The Price You Pay When You Lose Your Way
Why are you in business? What’s your purpose?
A typical answer is that you are in business to make money.
If that’s the first thing that popped into your mind, then you’ve already lost your way. You’ve already forgotten why you’re in business.
If you said that it’s because you spotted a gap in the market that you could fill, then you’re a little bit closer to the right answer, but still closer than you think to losing your way.
Here’s the right answer: The reason that you’re in business is to help other people to improve their lives.
If they buy your products or services, and you deliver on the promises that you made in respect of them, then the lives of your customers will improve.
That’s why you’re in business.
Zig Ziglar famously said that “if you help enough other people get what they want, then you can have what you want,” but it begins with others.
Why is that?
It’s because a gap in the market is nothing more than an unsolved problem. Not all problems however, demand a solution. In other words, it’s possible - and history is littered with examples - to create a product or offer a service that solves a conundrum that doesn’t matter to anyone. And that’s why filling a gap in and of itself isn’t enough. And making money is only about you.
It’s only when you meet a need that people are desperate to solve that you improve their lives, and one problem for the business person can be to avoid becoming precious over their idea.
What can cause you to lose your way?
You may be wondering how anyone could lose their way if what they were trying to do was to provide solutions to the desperate problems people have.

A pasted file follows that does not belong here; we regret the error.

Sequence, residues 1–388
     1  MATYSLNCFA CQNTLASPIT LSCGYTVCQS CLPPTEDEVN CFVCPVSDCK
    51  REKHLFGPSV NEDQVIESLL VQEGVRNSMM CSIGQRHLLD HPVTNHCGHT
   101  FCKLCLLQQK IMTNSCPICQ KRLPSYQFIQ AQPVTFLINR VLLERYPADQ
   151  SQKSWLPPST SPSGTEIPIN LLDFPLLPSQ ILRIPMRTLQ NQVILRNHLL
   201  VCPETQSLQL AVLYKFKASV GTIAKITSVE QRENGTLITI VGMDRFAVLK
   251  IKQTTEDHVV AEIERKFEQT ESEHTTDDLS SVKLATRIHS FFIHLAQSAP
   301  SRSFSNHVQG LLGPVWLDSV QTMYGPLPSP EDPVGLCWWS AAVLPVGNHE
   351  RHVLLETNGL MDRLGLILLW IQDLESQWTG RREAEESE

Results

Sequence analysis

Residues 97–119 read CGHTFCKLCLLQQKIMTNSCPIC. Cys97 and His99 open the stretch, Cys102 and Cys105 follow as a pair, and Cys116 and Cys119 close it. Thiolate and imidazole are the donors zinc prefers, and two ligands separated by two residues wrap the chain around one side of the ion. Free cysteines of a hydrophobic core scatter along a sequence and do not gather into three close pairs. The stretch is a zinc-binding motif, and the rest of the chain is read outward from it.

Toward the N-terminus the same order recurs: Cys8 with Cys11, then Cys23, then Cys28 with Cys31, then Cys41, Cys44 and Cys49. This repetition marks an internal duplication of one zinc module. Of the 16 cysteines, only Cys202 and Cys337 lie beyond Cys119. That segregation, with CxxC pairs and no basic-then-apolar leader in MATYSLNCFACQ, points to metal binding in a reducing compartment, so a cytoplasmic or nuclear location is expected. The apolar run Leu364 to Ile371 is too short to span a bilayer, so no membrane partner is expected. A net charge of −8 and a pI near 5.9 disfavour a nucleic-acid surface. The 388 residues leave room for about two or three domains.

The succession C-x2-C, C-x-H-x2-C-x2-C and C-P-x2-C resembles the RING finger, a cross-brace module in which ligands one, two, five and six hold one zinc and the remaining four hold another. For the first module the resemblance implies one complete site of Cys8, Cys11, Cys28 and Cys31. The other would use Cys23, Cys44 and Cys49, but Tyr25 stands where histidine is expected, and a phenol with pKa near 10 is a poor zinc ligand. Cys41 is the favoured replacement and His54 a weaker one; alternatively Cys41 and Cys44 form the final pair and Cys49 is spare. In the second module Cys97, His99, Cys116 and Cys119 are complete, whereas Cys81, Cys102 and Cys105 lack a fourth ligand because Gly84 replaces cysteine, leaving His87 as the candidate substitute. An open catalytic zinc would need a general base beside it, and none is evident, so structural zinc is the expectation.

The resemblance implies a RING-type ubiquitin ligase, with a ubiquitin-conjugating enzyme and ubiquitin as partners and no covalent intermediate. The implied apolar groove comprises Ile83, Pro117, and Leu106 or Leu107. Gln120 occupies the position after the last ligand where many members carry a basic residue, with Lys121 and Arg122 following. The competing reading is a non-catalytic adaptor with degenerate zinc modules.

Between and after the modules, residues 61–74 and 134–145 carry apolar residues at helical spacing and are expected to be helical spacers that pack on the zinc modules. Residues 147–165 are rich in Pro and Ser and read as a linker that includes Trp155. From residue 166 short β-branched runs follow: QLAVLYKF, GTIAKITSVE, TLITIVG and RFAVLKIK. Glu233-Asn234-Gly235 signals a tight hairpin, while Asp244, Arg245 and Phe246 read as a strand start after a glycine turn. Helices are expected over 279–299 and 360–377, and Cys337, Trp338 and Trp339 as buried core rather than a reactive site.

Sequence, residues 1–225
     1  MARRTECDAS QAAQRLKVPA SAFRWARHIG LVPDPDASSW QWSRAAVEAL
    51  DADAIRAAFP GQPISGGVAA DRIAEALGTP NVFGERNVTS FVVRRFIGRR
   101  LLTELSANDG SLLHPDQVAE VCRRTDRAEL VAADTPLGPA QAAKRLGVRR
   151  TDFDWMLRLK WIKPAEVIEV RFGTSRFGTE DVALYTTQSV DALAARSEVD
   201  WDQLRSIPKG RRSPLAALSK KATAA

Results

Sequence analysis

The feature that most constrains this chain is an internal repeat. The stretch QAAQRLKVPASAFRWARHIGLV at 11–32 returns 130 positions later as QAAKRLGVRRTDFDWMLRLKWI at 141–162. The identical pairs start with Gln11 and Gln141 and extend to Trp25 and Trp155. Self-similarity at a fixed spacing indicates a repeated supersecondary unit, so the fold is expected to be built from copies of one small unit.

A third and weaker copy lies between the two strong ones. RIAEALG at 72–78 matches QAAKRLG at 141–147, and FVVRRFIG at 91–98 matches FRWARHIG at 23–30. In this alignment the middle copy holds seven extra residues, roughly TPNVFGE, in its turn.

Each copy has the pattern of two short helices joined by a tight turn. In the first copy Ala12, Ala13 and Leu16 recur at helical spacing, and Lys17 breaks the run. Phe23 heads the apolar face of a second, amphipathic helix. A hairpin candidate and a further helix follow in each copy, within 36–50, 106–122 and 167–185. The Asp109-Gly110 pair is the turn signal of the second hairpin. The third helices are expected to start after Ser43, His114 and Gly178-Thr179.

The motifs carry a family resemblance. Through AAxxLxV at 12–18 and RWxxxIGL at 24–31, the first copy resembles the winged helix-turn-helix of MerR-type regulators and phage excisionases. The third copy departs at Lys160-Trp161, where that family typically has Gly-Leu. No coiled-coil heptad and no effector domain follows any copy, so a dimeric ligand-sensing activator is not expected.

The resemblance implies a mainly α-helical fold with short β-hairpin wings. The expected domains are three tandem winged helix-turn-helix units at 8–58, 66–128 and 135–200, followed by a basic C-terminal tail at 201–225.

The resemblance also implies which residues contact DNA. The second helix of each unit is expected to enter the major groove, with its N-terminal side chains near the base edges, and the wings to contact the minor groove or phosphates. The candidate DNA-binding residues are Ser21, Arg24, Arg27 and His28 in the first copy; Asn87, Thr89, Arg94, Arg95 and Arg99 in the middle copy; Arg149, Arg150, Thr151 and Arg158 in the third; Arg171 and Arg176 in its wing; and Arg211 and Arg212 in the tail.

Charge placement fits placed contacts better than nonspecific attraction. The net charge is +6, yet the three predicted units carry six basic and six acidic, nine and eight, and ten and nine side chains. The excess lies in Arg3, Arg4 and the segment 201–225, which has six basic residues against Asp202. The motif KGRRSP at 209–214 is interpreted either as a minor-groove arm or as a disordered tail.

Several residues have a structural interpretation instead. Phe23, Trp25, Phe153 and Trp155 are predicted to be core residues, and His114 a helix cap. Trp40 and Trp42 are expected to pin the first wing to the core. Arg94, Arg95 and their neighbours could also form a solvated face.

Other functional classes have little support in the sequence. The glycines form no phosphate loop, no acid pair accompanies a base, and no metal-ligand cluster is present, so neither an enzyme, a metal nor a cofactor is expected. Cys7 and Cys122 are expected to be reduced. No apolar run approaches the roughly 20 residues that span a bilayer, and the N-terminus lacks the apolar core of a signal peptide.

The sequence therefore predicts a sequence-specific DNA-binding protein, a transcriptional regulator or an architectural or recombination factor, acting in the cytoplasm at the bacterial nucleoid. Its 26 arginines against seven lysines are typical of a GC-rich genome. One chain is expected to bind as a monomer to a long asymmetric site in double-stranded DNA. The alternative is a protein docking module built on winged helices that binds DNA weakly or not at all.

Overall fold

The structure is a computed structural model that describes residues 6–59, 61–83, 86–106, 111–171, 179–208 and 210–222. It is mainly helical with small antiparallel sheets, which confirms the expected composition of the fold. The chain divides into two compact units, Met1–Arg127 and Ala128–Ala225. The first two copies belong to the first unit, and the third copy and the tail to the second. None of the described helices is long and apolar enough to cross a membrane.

There are a number of possibilities, the greatest of which most likely is greed. It’s for good reason that this one is included among what is known as the “seven deadly sins.” All sins are deadly, but some have a way of leading you into far worse situations than you might ordinarily expect to encounter.
What is greed?
Greed is an excessive desire to acquire or possess more than what you need or deserve.” Typically, this is thought of in terms of material wealth, such as money or profits.
Of course, what is excessive depends on who you ask. A reporter once asked John D Rockefeller, who was the world’s first billionaire, how much was enough. His answer, “just a little bit more.”
Companies that buy out their competitors often justify doing so because such purchases are seen as compatible with their business. The reality, however, may just be a way to boost profits by eliminating competition; by, in effect, buying up market share.
Western countries have laws that are supposed to protect consumers from monopolies, though there are doubts about their efficacy. Standard Oil, Rockefeller’s company, was broken up in the early 20th century, and AT&T in the 1980s, though not much else has followed despite the talk of doing so.
How is it possible to shift your focus from serving the needs of others to just taking their money?
Distractions take your mind off of the most important part of your business which is to help others to improve their lives and to focus it on other things.